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Global Defense 

Endeavor Robotics Vies for Upcoming Contracts 


By Yasmin Tadjdeh 

Endeavor Robotics — the newly formed standalone company that broke away from iRobot last year — is vying for a number of U.S. military ground robot programs.

The company, which formerly operated as iRobot’s defense and security business, spun off on its own in April, said CEO Sean Bielat.

“It’s been an exciting journey for us, being a standalone company,” he said. “The two companies had very different businesses. There wasn’t a lot of commonality between them in terms of who was working on the … consumer sector versus the defense sector in terms of IP, in terms of the type of investment required.”

In November, Endeavor Robotics — which is based in Chelmsford, Massachusetts — moved into a new 35,000-square foot facility that will give its engineers more space to innovate, Bielat said.

“We have a lot more lab space. We have machine tooling. We have test chambers and an outdoor test area for the robots. It’s a very collaborative workspace,” he said. “It has really focused on our needs as a defense business and will allow us to be innovative and grow.”

The new space will be useful as the company looks to secure contracts with the U.S. military. As iRobot, the company sold 6,000 ground robots, including the ubiquitous PackBot system, to various customers. Two-thirds of those robots went to the Defense Department, Bielat said.

“Most of those, almost all of them, were purchased through operational contingency funds. They weren’t purchased as parts of programs of record,” he said. And as the wars in Iraq and Afghanistan began to wind down, so did the acquisition of ground robots, he noted.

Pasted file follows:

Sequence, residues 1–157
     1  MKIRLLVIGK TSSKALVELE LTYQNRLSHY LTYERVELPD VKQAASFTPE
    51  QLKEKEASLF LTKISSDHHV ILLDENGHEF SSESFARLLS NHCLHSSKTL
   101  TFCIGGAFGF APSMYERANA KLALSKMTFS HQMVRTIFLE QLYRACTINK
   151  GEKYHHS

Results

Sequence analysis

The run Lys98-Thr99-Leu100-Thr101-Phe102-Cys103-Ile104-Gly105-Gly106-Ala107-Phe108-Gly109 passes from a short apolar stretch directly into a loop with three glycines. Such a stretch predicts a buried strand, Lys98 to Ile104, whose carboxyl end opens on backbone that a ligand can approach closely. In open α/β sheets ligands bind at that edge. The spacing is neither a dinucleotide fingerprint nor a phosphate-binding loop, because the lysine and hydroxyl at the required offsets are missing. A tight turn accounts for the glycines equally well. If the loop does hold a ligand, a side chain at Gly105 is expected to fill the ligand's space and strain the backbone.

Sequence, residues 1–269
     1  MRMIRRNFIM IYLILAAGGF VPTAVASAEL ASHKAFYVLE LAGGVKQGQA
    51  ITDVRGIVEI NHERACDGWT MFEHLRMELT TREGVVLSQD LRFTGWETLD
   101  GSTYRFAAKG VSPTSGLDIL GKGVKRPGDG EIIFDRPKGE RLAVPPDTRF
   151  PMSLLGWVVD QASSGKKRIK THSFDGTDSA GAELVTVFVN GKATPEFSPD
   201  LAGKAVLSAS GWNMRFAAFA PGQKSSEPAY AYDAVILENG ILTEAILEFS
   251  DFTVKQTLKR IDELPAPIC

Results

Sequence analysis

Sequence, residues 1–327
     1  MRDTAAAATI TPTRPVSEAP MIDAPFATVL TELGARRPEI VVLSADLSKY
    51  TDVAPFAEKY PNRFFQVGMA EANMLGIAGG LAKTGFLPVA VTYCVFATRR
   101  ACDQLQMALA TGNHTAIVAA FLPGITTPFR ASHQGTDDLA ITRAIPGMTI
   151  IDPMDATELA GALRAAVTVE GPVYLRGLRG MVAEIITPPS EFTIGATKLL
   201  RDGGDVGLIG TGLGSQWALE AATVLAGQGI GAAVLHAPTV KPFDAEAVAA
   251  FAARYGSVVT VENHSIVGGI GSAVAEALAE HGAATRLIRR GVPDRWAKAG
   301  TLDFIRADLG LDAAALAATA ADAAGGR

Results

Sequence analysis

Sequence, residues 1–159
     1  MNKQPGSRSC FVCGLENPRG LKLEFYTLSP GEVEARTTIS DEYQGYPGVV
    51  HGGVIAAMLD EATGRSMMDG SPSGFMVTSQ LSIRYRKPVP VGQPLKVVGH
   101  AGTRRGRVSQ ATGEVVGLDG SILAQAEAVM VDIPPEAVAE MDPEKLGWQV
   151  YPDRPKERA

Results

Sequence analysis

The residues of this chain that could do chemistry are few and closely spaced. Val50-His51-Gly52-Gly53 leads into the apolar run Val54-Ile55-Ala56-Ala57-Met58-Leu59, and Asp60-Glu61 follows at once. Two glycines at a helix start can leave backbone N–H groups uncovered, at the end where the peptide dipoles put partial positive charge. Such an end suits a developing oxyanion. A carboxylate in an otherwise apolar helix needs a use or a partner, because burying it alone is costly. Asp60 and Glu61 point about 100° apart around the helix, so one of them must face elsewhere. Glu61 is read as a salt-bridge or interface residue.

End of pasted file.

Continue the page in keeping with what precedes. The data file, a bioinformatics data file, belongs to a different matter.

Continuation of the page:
“There was this lull [but] I think we’re now through that period, and these three programs of record will really drive us forward and really push robots further into more communities then they had before,” he said. They “will really transform the industry.”

Those programs include the Navy’s advanced explosive ordnance disposal robotic system increment two and three; and two separate Army efforts known as the common robotic system – individual, and the man transportable robot system, he said.

In December, Endeavor Robotics submitted a proposal for the AEODRS program, Bielat said. “We feel very confident about the bid that we submitted and we feel good about our chances of winning.”

The company plans to be the prime system integrator for the project and will team with a number of companies, including Leidos, to take various technologies and integrate them into one robot, he said.

Photo: Endeavor Robotics

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